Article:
Guide to Car Buying
How did this mom save so much with so little effort? It was simple. And thanks to her discovery, she didn't give into the high-pressure sales games she knew she would face when shopping for a car.
Have you ever felt like you didn’t get the best deal for a high priced item? Or worse – that you were ripped-off?
Never feel that way again.
Learn how to make sure you’re getting the financing you deserve – and never settle for a bad deal again.
"It Was The Best 5 Minutes I Ever Spent"
Need to buy a car? Do it online. That’s how this mom started looking for the car she needed. She knew that searching local dealerships’ websites would give her a better idea of what’s available and what the list prices were.
Large-ticket items, like cars, appliances and other things, typically have a Manufacturer Suggested Retail Price (MSRP) – the list price – and some unknown price that’s far below the MSRP.
The MSRP is set to provide a place to start negotiations from – and for people who don’t mind paying too much.
Within minutes, the perfect minivan was found. It even had leather seats.
(Did You Know? The average price for new car 2015 was $33,560.)
"How much SHOULD I pay?"
This is the $1,000 dollar question. Rockstar mom saw the total cost online but wanted to know the monthly payment. She estimated her cost by using this simple loan calculator.
The following figures were used:
- Estimated loan amount of $33,000
- 60 months (5 years) Term
- Expected interest rate: 3.3%
She entered the loan amount, time period (Term) and expected interest rate (leaving out the trade-in value in case the dealership wouldn’t give her a good deal) into the calculator – like this:.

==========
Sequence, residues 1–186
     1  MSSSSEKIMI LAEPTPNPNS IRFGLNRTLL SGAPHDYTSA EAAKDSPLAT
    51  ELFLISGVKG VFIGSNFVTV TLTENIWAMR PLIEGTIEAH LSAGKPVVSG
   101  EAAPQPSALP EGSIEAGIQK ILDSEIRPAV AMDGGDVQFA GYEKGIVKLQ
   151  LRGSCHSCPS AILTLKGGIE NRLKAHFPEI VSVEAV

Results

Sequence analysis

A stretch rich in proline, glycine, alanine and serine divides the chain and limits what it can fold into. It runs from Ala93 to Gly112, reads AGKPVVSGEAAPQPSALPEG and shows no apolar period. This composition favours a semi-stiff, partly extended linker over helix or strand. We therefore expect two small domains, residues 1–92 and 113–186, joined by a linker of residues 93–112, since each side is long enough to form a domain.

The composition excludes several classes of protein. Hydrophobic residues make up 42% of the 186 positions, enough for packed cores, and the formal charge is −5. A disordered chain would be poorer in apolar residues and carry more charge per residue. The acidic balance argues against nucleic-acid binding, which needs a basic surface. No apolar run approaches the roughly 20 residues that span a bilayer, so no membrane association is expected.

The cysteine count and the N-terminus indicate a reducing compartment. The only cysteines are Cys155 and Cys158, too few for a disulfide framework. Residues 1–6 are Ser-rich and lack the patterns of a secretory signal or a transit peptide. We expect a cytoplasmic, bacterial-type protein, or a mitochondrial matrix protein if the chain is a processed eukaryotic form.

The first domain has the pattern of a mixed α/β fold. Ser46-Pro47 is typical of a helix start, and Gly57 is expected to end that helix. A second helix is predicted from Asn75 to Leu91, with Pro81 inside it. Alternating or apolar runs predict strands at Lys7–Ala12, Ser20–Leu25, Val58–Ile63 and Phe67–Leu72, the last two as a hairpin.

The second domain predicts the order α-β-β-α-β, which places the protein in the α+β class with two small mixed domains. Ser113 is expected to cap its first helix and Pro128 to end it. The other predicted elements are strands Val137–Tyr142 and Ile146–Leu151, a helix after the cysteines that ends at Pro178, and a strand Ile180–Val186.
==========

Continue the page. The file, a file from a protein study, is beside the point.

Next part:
This gives her a monthly payment of $597.38
Next she factored in her trade in.
She hopes her current vehicle is worth around $5,000.
If so, the loan amount is changed to $28,000. (33,000 price – $5,0000 trade-in = $28,000)
With this in mind, she calculates another estimate:
$506.86 for a monthly payment. Not bad!
With a better idea of how much interest she’ll pay and what her monthly payment will be, she’s ready to go to the dealership.
Do you know how much interest you’re paying on your car or home? Look at your next statement to find out – you might be surprised!Download our Quick Reference Interest Rate Guide now and see how interest rates change everything.
Rockstar Tip: Estimating costs before going to a dealer give you a good place to start. Just remember, actual costs will vary depending on your state’s taxes, title fees, and other applicable charges.
"Thinking About Car Shopping Makes Me Anxious, So I Did It Differently"
Shopping for big-ticket items can take a lot of time and effort, and it can be exhilarating. Especially when you walk away knowing you got a great product and a great deal.
Except when it comes to finding for a new car.
No one likes it. In fact, according to a study from Autotrader, only 17 people out of 4,002 enjoyed the car buying process.
This mom was NOT one of those 17.
The Typical Buying Experience
What’s wrong with shopping for a car? Anxiety runs so high because the process can be so breathtakingly painful.
It happens something like this:
You walk on a car lot and are greeted by several sales people. One of those introduces him or herself to you and you begin your search.